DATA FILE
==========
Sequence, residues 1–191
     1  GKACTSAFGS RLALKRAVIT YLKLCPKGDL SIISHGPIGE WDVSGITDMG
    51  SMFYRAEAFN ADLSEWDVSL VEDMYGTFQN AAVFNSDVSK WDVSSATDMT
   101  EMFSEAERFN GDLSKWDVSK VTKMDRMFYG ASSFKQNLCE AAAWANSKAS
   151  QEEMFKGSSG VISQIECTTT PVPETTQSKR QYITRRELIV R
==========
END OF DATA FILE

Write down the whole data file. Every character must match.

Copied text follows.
Sequence, residues 1–191
     1  GKACTSAFGS RLALKRAVIT YLKLCPKGDL SIISHGPIGE WDVSGITDMG
    51  SMFYRAEAFN ADLSEWDVSL VEDMYGTFQN AAVFNSDVSK WDVSSATDMT
   101  EMFSEAERFN GDLSKWDVSK VTKMDRMFYG ASSFKQNLCE AAAWANSKAS
   151  QEEMFKGSSG VISQIECTTT PVPETTQSKR QYITRRELIV R